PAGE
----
[0094] With reference now to FIG. 8a, at a time determined by the transaction server during the conduct of the transaction between the transaction server and the user, the transaction server stops conducting the transaction and at step 812 a the transaction server provides a verification server-bound routed message to the user. In response the user receives and routes the routed message at step 813 a, and provides it to the verification server at step 814 a. Similarly, in response the verification server receives and routes the routed message at step 815 a, and provides it to the transaction server at step 816 a. If the transaction server receives the routed message from the verification server, it continues the transaction with the user at 817 a. If the routed message is not received by the transaction server, the conduct of the transaction is not resumed.

[0095] This “round trip” message confirms to the transaction server that the user is still connected to the verification server. Especially where the connection between the verification server and the user is a telephone call, this would be an effective means for preventing the user from attempting to change locations after the TULRM is authorized.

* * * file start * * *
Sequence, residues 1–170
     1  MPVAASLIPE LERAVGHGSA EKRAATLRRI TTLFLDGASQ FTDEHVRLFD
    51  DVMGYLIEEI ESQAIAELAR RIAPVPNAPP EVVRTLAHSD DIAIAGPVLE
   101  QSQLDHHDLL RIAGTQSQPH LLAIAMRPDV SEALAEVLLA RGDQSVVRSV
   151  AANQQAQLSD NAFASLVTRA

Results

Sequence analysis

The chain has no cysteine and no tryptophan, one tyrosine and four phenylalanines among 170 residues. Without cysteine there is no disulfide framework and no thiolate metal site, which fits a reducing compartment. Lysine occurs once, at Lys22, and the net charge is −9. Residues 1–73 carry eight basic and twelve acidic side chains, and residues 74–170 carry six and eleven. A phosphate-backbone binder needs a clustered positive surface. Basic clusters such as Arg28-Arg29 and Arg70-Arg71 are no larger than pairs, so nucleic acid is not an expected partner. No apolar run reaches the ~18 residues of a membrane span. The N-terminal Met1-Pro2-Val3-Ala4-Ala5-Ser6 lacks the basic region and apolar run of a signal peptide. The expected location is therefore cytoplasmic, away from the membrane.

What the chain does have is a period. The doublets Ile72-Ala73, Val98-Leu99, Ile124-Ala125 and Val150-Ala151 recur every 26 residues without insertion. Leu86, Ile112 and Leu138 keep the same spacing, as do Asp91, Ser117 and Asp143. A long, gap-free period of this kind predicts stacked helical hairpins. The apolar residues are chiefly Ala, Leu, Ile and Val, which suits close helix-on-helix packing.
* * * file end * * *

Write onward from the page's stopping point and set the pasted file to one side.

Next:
[0096] The variation shown in FIG. 8b, like FIG. 8a, also requires that the user maintain its connection to the verification server during the conduct of the transactions. At a time determined by the transaction server during the conduct of the transaction between the transaction server and the user, the transaction server stops conducting the transaction and at step 812 b a routed message is provided by the transaction server to the verification server. In response the verification server receives and routes the routed message at step 813 b, and provides it to the user at step 814 b. Similarly, in response the user receives and routes the routed message at step 815 b, and provides it to the transaction server at step 816 b. If the transaction server receives the routed message from the verification server, it continues the transaction with the user at 817 b. As above, if the routed message is not received by the transaction server, the conduct of the transaction is not resumed.